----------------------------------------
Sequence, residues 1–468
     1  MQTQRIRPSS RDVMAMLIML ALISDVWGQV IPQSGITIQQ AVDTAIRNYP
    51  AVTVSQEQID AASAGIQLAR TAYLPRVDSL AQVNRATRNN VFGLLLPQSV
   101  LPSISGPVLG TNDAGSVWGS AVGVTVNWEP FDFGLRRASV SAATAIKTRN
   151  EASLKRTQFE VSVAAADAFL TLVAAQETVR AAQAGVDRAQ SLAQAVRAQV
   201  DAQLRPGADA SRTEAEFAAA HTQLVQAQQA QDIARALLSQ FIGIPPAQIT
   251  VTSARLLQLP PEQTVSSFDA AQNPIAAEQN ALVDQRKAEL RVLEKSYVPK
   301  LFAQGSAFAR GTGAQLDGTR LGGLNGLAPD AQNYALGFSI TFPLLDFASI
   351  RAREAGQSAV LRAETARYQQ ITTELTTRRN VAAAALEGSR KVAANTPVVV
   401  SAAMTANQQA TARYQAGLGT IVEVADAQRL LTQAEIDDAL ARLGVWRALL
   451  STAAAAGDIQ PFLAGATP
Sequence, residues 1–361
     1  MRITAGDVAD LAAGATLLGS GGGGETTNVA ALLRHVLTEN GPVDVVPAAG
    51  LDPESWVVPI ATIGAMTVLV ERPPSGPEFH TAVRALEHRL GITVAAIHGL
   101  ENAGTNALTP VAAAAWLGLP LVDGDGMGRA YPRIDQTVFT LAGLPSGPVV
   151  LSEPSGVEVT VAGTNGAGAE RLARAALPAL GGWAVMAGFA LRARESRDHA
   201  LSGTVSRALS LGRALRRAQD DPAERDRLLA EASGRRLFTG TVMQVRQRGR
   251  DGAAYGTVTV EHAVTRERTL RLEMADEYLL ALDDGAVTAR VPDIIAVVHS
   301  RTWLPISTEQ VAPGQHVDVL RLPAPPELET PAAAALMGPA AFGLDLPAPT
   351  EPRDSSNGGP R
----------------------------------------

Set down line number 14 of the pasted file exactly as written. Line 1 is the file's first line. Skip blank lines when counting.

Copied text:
    51  LDPESWVVPI ATIGAMTVLV ERPPSGPEFH TAVRALEHRL GITVAAIHGL